Taking things back to basics, and rebuilding trust

One of the challenges any successful business faces is falling victim to complacency.

Over the previous decade, Mobily had ridden a wave of popularity driven by product and service innovation, but that had slowly twiddled over recent years as the company gloated on past successes and became bloated and sluggish.

To address this, the strategy behind mBRACE was simplicity; strip away the superfluous and and focus on making our customers and employees lives easier. Taking things back to basics, and rebuilding trust through a trimmed down product and service lines that delivered true value, and enabling our staff to be more collaborative and efficient through an Agile approach to their work.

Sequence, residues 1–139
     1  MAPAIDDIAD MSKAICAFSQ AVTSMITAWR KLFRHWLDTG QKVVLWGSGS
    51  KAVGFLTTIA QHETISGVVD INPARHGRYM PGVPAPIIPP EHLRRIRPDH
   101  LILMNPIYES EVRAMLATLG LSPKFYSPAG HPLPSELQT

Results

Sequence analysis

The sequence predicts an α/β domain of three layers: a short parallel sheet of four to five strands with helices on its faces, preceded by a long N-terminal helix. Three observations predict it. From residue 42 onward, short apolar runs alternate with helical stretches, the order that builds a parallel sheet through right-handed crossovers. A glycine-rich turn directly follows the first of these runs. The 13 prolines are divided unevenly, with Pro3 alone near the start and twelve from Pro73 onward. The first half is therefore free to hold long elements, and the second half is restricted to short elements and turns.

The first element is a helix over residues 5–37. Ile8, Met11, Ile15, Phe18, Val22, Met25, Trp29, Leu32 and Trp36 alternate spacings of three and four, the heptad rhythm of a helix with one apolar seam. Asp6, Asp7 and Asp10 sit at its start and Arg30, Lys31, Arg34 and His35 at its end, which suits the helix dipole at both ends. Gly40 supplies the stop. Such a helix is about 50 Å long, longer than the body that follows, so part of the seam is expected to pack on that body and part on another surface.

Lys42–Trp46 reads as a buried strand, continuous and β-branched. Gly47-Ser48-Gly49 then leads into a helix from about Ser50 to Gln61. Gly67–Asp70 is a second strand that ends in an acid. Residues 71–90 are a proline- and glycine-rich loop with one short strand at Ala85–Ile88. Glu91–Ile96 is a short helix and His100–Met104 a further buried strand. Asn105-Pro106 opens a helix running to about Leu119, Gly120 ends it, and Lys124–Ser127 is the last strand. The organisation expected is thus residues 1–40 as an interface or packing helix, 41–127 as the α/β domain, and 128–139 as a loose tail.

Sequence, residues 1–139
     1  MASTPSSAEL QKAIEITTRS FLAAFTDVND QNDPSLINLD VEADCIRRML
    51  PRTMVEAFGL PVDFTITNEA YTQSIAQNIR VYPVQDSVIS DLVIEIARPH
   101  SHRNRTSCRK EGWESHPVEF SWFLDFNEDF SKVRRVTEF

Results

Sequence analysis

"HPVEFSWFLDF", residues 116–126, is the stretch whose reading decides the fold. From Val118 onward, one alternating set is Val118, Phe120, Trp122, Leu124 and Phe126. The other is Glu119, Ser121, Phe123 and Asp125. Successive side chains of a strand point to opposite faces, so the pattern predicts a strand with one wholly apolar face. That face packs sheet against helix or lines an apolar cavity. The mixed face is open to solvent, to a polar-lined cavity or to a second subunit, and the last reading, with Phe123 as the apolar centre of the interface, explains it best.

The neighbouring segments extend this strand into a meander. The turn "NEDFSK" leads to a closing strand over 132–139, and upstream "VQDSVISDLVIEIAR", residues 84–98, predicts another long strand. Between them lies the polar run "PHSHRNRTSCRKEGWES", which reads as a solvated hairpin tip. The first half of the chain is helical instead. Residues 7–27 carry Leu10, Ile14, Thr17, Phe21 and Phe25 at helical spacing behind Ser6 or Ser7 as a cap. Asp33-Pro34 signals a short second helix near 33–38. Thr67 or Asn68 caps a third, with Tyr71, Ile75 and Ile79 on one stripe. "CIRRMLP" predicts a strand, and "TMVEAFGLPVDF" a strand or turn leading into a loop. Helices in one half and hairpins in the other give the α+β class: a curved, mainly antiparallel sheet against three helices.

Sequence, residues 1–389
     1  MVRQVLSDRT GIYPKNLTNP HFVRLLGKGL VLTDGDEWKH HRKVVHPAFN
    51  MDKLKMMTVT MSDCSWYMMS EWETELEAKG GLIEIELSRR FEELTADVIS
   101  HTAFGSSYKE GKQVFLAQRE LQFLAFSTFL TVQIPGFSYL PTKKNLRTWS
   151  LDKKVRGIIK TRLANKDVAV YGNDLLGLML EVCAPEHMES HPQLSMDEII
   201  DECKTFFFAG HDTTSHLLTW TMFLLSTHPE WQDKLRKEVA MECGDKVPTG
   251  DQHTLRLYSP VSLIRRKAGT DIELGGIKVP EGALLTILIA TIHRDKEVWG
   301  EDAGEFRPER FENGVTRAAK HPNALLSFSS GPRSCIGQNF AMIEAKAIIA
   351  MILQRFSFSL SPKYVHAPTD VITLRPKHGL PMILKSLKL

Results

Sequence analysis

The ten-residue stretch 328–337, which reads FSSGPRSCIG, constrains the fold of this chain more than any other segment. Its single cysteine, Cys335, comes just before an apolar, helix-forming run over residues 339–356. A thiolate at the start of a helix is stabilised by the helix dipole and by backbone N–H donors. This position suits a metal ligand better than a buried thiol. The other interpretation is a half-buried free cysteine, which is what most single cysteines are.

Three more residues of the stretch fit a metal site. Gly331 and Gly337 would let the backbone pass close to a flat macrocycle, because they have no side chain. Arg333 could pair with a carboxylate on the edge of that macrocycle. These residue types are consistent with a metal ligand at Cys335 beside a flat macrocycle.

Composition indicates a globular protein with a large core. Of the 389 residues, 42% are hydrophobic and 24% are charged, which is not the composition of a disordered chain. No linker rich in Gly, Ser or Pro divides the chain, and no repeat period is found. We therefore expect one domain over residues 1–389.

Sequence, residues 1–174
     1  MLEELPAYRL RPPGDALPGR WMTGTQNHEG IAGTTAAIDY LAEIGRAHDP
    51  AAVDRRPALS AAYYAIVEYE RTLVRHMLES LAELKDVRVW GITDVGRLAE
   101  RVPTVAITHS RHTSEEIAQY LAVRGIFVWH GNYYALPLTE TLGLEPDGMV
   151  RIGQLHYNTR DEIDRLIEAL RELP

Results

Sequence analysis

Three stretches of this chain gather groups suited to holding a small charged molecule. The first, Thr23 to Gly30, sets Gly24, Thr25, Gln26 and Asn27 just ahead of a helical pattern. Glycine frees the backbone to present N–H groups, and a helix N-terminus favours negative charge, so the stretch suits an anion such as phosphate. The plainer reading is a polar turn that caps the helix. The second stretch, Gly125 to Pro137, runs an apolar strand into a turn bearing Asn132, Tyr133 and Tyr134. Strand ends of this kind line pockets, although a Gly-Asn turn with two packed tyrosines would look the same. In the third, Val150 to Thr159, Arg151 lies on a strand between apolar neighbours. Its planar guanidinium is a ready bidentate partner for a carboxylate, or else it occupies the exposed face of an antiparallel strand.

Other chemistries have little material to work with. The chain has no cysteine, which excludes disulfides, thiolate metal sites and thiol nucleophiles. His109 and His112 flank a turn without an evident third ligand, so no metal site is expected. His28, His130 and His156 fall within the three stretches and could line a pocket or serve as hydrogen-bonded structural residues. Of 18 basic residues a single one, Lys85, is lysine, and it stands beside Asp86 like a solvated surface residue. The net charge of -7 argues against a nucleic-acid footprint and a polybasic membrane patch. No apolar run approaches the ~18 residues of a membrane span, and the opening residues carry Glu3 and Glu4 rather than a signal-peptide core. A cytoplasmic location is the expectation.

We developed a segmentation model that allowed us to precisely map product and service features to individual user needs, around which we could then carefully craft an appropriate experience, making them richer but more relevant.

We overhauled the visual identity, starting with reducing the logo to just it's symbol (already a potent and recognised brand identifier).

We replaced the sprawling typographic system with a single custom typeface containing a bilingual character set, and new typographic hierarchy, making it more consistent and less confusing.

A minimised the colour palette, created scalable layout grid, new UI stencils for more thoughtful and intuitive digital applications, a human-centric interior and exterior retail design including empowering new tools for automation and self-service,, a tone of voice and messaging platform that was simpler, more informative and direct, and far less technical, and reduced waste in packaging, making it more re-usable and recyclable.